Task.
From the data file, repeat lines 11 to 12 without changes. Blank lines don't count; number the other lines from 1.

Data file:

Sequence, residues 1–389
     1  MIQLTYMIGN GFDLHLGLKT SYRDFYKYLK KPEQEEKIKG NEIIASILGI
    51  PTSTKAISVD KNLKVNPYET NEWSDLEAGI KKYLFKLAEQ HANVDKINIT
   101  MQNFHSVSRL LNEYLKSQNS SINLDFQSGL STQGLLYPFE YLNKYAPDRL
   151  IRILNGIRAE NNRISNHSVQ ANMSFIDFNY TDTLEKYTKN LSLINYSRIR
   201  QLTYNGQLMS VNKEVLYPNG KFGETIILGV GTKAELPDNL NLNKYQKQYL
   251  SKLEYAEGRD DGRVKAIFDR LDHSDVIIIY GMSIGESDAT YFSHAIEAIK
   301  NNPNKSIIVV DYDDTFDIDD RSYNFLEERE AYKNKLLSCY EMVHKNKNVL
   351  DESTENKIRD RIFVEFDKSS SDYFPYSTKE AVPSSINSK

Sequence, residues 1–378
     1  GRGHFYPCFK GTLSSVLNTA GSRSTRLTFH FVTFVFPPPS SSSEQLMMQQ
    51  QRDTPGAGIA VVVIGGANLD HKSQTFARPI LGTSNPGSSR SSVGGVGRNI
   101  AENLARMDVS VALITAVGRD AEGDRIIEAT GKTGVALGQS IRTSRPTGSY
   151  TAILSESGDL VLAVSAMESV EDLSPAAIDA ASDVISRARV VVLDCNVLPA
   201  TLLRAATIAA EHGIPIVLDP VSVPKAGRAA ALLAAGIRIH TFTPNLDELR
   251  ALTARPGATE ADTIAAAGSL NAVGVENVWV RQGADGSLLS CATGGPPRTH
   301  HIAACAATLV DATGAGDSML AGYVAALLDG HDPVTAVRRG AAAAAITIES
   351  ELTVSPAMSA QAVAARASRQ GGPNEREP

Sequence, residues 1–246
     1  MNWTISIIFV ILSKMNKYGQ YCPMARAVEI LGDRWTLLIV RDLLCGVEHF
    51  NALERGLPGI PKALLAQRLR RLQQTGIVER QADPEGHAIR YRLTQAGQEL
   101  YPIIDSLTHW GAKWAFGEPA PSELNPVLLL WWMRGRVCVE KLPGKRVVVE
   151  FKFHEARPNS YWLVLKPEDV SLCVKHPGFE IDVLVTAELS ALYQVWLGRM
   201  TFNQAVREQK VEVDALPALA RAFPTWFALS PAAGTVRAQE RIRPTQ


     1  GRGHFYPCFK GTLSSVLNTA GSRSTRLTFH FVTFVFPPPS SSSEQLMMQQ
    51  QRDTPGAGIA VVVIGGANLD HKSQTFARPI LGTSNPGSSR SSVGGVGRNI